If you’ve been working in IT for any length of time, you’ve probably had plenty of exposure to Symantec Backup Exec. In fact, you’ve likely had something of a love / hate relationship with it like many other IT consultants!
Although Backup Exec has generally been seen as a step up from Microsoft’s in-built backup methods, over the years various new iterations of the product have created headaches for IT departments (especially the 2012 version). It’s always been a product that’s great when it works but frustrating when it doesn’t.
Back in February 2012, Symantec responded (somewhat late) to the trend towards online backup and announced Backup Exec.cloud, a hosted backup service aimed at SMEs. Now, less than two years later, it has quietly withdrawn it.
If your MSP business made use of Backup Exec.cloud, you now need to find an alternative for your customers. The good news is that you should have at least a little time to do so. Customers on annual contracts will be able to continue to use the solution until their contract ends, but the plug will be officially pulled on 6th January 2015. If you have signed up for longer contracts, Symantec have promised to release details pertaining to refunds.
In Symantec’s FAQ about the suspension of service, they state that they will offer traditional on-premise licenses for Backup Exec at a 35% discount for people who have been affected by the withdrawal of Backup Exec.cloud.
It’s hard to image many people jumping for joy at this option, as moving from cloud based backup back to on-premise is, frankly, a backwards step.
As a secondary suggestion, Symantec suggest that their Norton Zone file sync solution could form an alternative. This stretches the imagination somewhat, as Norton Zone is little more than a DropBox-style consumer service.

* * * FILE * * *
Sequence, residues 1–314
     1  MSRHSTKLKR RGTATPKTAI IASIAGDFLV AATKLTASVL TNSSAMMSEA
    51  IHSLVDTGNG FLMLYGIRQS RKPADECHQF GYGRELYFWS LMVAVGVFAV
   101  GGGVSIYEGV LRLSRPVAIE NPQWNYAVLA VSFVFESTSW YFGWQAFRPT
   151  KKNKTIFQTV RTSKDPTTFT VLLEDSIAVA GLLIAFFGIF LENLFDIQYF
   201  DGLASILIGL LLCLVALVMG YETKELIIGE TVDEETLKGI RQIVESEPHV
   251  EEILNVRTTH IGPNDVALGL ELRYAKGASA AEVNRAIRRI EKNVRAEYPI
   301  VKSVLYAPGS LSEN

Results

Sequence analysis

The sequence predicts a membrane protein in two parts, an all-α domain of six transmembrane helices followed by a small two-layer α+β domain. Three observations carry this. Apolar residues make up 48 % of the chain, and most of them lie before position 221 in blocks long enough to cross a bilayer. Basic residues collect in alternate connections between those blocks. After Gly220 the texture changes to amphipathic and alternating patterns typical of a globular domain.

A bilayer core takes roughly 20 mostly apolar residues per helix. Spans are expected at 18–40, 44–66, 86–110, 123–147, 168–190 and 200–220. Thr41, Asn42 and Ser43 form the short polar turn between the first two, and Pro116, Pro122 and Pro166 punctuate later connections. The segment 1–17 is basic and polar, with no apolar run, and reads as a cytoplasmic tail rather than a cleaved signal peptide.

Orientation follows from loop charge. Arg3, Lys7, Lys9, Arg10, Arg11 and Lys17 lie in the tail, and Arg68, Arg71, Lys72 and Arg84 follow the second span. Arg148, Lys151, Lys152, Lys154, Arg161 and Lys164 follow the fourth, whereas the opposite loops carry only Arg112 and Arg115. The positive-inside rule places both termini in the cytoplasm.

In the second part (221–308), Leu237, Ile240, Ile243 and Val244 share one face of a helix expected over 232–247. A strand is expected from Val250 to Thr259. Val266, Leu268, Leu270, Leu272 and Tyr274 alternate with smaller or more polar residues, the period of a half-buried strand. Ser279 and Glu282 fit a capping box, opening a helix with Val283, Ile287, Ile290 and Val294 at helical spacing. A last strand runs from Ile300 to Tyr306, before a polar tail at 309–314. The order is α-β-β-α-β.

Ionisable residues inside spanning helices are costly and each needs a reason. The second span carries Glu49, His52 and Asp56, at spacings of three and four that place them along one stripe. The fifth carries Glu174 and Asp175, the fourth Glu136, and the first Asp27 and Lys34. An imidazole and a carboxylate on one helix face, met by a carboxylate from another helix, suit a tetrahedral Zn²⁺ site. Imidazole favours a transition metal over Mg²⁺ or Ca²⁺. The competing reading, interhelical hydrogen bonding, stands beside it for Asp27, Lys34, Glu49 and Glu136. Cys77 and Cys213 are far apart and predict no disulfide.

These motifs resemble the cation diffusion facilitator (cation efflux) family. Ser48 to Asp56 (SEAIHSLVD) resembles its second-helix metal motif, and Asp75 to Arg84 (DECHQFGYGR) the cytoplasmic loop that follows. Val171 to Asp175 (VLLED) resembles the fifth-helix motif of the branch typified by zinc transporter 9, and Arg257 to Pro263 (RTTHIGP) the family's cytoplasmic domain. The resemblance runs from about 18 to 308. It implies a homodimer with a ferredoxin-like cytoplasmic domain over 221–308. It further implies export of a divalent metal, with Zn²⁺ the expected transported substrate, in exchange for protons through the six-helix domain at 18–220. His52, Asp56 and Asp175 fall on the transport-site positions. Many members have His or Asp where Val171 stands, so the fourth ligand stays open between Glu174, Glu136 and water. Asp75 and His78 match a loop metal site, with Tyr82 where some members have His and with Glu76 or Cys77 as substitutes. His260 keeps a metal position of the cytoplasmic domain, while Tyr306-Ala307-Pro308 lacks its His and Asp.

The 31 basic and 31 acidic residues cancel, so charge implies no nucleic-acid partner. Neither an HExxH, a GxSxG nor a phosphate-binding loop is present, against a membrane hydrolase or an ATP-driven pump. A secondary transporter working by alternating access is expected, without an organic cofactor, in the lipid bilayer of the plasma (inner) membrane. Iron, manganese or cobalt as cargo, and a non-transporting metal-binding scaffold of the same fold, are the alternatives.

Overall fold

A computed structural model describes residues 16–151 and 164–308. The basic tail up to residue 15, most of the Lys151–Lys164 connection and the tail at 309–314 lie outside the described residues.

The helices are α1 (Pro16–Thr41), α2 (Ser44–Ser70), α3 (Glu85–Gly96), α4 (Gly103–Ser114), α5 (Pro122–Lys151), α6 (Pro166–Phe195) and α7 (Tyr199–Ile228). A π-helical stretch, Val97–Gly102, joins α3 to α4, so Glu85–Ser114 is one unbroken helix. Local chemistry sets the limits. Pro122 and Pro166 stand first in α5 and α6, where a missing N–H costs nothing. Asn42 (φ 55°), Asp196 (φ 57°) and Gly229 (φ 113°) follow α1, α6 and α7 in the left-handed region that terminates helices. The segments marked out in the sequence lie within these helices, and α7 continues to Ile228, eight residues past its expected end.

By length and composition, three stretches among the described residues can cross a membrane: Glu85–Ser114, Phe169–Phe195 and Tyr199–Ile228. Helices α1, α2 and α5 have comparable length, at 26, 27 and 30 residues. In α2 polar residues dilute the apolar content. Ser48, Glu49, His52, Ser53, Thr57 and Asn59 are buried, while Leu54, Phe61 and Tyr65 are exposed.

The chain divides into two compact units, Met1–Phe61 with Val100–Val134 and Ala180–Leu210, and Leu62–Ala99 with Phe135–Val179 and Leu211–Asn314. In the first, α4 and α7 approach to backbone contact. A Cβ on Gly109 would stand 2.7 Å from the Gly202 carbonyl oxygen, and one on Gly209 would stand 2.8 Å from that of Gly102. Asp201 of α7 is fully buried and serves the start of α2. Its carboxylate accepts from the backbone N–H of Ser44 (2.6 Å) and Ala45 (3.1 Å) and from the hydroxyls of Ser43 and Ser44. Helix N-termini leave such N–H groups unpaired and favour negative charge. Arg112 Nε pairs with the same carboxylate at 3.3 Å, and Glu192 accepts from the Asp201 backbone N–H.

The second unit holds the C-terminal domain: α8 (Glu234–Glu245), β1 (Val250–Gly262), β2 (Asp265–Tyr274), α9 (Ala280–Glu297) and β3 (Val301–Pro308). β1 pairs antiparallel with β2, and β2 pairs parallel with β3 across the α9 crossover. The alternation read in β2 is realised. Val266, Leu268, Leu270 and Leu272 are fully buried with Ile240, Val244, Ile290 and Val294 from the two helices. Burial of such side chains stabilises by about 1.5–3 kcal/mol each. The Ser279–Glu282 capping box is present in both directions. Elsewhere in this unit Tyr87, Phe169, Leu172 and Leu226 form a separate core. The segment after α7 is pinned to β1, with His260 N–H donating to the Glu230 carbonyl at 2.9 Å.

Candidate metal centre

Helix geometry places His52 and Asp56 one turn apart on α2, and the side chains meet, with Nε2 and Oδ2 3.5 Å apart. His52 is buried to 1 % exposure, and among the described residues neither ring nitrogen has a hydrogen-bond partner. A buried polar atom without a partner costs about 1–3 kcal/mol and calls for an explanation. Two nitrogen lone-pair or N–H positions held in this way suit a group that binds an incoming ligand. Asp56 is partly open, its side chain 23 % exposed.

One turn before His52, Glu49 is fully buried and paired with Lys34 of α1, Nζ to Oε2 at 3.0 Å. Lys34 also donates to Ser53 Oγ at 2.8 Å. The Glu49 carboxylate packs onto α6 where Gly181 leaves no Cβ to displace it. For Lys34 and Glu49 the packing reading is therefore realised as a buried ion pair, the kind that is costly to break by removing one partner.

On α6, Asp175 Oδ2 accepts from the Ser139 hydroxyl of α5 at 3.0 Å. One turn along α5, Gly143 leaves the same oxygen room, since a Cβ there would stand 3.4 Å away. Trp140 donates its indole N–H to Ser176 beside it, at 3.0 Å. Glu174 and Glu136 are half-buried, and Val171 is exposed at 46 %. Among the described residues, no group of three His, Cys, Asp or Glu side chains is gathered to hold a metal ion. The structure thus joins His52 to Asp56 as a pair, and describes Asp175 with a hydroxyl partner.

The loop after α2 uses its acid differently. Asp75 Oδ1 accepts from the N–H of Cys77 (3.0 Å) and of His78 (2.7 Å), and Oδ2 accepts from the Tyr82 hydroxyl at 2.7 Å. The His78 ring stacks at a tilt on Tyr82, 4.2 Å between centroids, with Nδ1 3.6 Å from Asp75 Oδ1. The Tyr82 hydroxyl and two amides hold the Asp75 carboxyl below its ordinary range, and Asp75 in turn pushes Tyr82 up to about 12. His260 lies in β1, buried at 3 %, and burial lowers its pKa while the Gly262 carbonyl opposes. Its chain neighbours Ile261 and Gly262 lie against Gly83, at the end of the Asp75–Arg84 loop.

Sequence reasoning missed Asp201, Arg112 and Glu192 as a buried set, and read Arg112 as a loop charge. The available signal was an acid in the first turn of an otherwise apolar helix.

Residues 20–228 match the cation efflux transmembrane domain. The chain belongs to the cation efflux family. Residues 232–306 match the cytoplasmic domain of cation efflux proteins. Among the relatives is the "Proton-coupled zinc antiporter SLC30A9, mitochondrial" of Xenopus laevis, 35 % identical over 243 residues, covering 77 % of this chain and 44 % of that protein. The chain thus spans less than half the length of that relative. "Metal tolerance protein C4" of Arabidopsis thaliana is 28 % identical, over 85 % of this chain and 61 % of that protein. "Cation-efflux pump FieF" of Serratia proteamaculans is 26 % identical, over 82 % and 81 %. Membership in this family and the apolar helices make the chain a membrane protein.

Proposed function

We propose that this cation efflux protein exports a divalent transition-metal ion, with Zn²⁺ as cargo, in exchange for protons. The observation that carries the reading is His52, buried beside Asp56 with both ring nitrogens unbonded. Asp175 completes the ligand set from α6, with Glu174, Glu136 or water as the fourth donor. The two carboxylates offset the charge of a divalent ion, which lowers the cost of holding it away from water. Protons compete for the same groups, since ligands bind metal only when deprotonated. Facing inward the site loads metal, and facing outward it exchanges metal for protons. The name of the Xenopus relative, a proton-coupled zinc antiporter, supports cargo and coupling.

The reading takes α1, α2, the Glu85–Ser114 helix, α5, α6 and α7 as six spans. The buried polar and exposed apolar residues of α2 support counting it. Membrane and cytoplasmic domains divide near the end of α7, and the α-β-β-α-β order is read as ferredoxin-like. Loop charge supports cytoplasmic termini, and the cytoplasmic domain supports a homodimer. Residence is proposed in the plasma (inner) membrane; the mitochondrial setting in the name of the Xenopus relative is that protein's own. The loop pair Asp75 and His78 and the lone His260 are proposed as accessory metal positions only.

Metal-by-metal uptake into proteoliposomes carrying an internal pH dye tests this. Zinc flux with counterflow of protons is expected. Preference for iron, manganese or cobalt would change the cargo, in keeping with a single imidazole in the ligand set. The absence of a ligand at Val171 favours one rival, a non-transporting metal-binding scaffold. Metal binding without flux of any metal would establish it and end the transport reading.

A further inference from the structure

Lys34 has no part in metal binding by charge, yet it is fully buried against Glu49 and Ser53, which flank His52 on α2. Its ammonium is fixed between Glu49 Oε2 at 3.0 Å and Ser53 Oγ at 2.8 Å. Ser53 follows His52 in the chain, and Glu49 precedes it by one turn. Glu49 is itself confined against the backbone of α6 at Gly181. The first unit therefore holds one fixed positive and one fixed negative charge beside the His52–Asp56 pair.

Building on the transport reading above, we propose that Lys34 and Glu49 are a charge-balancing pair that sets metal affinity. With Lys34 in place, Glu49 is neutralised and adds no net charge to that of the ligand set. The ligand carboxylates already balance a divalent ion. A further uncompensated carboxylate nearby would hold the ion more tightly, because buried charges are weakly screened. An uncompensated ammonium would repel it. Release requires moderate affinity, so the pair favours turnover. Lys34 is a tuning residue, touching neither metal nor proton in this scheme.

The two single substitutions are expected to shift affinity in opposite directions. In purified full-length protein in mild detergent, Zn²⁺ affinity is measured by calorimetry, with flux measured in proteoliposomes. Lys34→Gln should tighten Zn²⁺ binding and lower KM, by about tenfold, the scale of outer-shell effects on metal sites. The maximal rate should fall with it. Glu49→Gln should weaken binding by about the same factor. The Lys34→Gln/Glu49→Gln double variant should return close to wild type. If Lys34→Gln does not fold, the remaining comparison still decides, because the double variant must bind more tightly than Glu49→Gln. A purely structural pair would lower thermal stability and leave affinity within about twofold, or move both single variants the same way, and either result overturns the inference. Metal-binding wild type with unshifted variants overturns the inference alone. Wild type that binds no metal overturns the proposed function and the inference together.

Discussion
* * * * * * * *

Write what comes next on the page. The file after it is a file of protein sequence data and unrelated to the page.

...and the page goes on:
This leaves you in a position where you will have to find a new online backup system for your Backup Exec.cloud customers.
This needn’t be a bad thing, as it gives you an opportunity to look at what’s out there, and choose a solution that it easy to support and provides you with a good commission stream.
However, when you consider the solutions out there, you would do well to keep in mind that if a company the size of Symantec can pull the plug on a service, it could happen anywhere. As such, now is perhaps not the time to put a fledgling new provider to the test. You should seek out a backup partner who is long established.
Symantec’s reasoning behind pulling the plug on Backup Exec.cloud is probably less important to you than dealing with the practicalities of migrating away from it, but if you’re interested, their official line is as follows:
“Customers want features such as synch & share and mobile access. Backup Exec.cloud was not designed with these features in mind.”
Perhaps it should have been.